Away from the landscape surrounding games, the eyes of record company execs might be lighting up at the thought of actual in-game monetisation. When Marshmello played a gig in Fortnite, helping populate the game with a record-breaking 10.7 million players, it came with the option to purchase a Marshmello skin – basically, an in-game costume – for 1,500 V-Bucks, Fortnite’s currency, equating to roughly £12.99. These types of cosmetic customisations have taken on increasing significance as games have adopted the free-to-play model, which users can take part in a game for free but are encouraged to make small one-off purchases within it (off the back of these transactions, Fortnite managed to make over $200 million this May alone). This suffusion of IRL money within video games is helping turn them into digital platforms – i.e. sites of commerce and consumerism – in their own right. With that might come a host of digital merchandising possibilities for the music and fashion industries. Want to deck your character out with Lil Yachty’s red braids? Sure, why not. Think it’d be cool to have your avatar wear Young Thug’s iconic Jeffrey dress? No problem. Fancy a digital version of Rihanna’s Fenty brand for your Sims? Consider it done.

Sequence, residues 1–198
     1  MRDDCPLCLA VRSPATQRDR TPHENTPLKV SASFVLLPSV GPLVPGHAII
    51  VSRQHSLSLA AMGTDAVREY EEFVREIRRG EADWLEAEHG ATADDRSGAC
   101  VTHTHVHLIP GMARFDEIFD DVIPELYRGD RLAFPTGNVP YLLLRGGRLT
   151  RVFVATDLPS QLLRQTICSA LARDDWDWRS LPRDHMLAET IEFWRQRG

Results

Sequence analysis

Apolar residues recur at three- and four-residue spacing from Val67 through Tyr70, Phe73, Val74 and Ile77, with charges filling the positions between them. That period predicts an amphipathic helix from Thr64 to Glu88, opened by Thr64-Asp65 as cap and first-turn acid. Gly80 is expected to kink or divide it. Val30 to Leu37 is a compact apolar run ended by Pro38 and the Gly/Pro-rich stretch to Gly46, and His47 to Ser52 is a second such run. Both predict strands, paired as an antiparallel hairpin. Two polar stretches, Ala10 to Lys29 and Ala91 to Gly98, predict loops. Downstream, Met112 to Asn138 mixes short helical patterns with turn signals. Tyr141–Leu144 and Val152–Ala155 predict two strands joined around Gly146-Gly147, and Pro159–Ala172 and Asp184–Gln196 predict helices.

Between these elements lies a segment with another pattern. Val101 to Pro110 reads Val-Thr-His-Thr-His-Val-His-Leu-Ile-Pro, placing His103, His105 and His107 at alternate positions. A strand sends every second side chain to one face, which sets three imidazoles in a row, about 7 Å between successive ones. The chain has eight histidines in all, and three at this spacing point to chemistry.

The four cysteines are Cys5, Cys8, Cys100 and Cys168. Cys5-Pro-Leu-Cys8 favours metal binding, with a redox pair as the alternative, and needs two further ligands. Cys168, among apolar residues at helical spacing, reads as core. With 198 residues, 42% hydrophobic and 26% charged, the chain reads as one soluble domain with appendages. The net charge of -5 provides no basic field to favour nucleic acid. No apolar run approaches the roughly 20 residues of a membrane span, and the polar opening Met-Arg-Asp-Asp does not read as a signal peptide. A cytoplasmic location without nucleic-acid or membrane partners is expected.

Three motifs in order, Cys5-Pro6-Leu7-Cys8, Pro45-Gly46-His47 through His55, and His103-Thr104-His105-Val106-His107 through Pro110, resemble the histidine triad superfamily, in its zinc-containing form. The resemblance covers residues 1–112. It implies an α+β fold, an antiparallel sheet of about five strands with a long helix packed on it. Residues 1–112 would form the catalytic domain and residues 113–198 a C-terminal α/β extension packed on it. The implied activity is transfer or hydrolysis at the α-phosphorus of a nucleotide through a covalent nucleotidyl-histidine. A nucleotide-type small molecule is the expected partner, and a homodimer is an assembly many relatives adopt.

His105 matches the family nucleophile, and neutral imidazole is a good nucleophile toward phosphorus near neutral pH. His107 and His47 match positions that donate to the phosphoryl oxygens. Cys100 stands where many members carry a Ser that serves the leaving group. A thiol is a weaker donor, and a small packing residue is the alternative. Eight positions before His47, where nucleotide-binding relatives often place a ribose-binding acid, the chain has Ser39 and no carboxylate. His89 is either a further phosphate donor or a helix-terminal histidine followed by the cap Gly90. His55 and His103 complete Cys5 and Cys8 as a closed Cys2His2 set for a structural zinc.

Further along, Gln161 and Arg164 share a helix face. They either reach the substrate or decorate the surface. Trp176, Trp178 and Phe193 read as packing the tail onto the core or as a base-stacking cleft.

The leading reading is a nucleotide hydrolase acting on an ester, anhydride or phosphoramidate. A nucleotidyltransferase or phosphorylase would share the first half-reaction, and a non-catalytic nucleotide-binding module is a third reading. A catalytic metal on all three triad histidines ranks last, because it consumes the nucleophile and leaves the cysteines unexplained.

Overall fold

Such opportunities will probably only ever serve an elite strand of recording artist. “I expect artists on Marshmello’s scale to do these type of schemes,” wrote music industry analyst David Turner in his Penny Fractions newsletter earlier this year. “However I don’t see much value in this model outside of its most capitalist extremes.” At the opposite end of the economic spectrum, Fortnite has incorporated, without credit or compensation, the viral dance moves of rappers such as Blocboy JB and 2 Milly, who are now suing Epic for this very reason. Not only does Fortnite fit a long history of big companies and tech platforms appropriating black creativity, it reinforces the economic discrepancy between the haves and have-nots of the music industry.

Similar commercial dynamics have played out in high-end fashion’s embrace of video games. Final Fantasy partnered with Prada in 2012, and Louis Vuitton made Lightning, a character from the same Japanese franchise, the face of its SS16 collection. Moschino took things one step further when it teamed up with The Sims in April, enabling players to clothe their in-game characters with its signature patterned style. But what if the prestige of the brand transferred into the game with a relative price-point, upholding all the terrible IRL values surrounding status that some of us use video games to escape from? Folks might end up shelling out hundreds of pounds for limited edition in-game clothing, a proposition well within the realms of possibility, given people have been paying top dollar for seemingly useless in-game items for years now – somebody bought a weapon in the popular online shooter CS: GO for $61,052.63, and there are countless other bonkers examples from a variety of games and genres.